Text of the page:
Summer Road Trip: Dig for Diamonds at Arkansas’ Crater of Diamonds State Park

While lab-grown diamonds may be “made in the USA,” the US also has a source of natural diamonds. They are not commercially mined. They are mined by volunteers, who pay for the privilege. But they get to keep what they find. Intrigued? Head to Murfreesboro, Arkansas, to the Crater of Diamonds State Park and try your luck.

ABOVE: At Crater of Diamonds, you can find white, yellow and brown diamonds. Photo courtesy Arkansas Department of Parks and Tourism.

The first diamond was found at the location by John Huddleston in 1906, and though there have been several attempts to mine the pipe commercially, they have all failed. It opened as a state park in 1972. The US’s only known diamond-producing pipe is 37 acres plowed regularly to bring diamonds to the surface. But diamonds are not the only stones there. Garnets are often found in pipes with diamonds. The park also reports amethyst, quartz, agate, and jasper.

A selection of Arkansas diamonds around the Arkansas Quarter, first year of issue. Photo courtesy Arkansas Department of Parks and Tourism.

A selection of Arkansas diamonds around the Arkansas Quarter, first year of issue.
Photo courtesy Arkansas Department of Parks and Tourism.

How to Enjoy the Crater of Diamonds State Park

If you don’t know anything about diamond mining—most importantly, what rough stones look like—the park’s Diamond Discovery Center has examples of the stones on hand to show you. You’ll also find information about how to look for diamonds. And park staff are on hand to identify anything you find.

You can bring your own tools (nothing motorized or battery driven, however), or you can rent them from the park. Collecting has to be done the old fashioned way, with shovels and sieves. Here’s a hint from the website: You can take home up to five gallons of sifted gravel, per person, per day. (You cannot remove unsifted dirt.) The park says, “Many diamonds registered at Crater of Diamonds State Park have been found by visitors who take their sifted gravel home.” So bring the family, sift the gravel, take it home, and then have a diamond search party. See what you can find. If you can get there after a rainfall, though it may be muddy, you might have a better chance of finding a stone that’s been washed free of the surrounding dirt and dust.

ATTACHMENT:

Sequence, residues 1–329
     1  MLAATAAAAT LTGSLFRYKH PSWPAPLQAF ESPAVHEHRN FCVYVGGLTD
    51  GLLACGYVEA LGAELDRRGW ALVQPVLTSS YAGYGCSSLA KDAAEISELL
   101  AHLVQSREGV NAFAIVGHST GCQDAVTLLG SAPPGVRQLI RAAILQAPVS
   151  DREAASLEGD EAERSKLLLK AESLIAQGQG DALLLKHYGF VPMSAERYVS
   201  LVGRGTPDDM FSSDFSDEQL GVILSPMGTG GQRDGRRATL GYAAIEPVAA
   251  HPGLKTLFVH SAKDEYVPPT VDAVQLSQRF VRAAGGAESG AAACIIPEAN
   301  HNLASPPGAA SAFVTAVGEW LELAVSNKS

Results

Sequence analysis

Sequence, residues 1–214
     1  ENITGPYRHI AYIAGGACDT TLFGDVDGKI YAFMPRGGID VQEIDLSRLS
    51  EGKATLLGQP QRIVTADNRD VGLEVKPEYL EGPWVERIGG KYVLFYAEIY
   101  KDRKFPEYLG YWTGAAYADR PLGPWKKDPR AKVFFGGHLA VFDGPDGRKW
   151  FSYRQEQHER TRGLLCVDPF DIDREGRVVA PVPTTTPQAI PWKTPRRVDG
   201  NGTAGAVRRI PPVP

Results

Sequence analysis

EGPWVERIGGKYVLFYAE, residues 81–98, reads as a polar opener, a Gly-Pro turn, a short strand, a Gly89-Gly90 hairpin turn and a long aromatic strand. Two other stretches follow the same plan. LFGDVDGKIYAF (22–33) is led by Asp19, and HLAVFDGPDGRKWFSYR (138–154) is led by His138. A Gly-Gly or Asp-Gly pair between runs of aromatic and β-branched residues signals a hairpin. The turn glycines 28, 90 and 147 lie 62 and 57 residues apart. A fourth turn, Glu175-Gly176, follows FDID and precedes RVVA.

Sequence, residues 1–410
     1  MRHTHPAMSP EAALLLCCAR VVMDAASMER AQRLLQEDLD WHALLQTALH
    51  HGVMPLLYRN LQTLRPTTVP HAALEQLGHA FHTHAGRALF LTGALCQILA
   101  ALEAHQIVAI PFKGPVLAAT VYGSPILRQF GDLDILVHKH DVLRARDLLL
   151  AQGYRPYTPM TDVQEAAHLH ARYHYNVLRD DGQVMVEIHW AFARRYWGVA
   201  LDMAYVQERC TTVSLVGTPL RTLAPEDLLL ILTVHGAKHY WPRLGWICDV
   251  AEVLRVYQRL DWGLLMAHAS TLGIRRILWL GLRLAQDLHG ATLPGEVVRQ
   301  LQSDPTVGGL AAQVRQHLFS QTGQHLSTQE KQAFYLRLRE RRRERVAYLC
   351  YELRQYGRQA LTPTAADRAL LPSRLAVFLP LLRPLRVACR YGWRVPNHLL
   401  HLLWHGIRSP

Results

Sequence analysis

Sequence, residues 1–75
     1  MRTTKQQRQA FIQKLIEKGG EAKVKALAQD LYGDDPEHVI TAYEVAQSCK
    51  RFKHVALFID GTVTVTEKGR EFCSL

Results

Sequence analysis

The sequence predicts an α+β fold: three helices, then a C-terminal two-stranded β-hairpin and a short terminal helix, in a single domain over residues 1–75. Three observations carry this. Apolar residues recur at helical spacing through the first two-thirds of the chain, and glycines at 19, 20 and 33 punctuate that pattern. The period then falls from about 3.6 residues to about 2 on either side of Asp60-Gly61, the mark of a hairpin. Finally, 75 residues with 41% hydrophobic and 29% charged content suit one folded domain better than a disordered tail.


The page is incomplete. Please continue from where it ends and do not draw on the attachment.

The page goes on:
yellow brown champagne chocolate diamonds

Raw, rough diamond crystals. Photo: Getty Images.

Strike it Rich

It’s not impossible to find a reward. More than 33,000 diamonds have been found since it opened to the public in 1972. Although most were small, some were pretty big. The largest one remains the 40.23 carat Uncle Sam.

The park is open 8 to 7 most days. all year (except for the big four: Thanksgiving, Christmas, and New Year’s Day, and a half day on Christmas Eve. Wouldn’t finding your own diamond be a great Christmas gift!). The fee is $10 a day for adults, $6 for children 6-12, and free for children under 6.

By the way, if you’ve heard the term “Arkansas diamonds,” it is often applied to beautiful quartz crystals, also called “Herkimer diamonds.” The diamonds at Crater of Diamonds, however, are the real deal. Genuine home-grown diamonds.

Visit the Crater of Diamonds website to plan your trip.

Sharon Elaine Thompson is a GG and FGA who has been writing about gemstones and jewelry for Lapidary Journal Jewelry Artist since 1987. She also writes a line of birthstone romance novels under the name Liz Hartley.

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  1. Andrew H at 11:00 pm June 14, 2019

    Thanks for article

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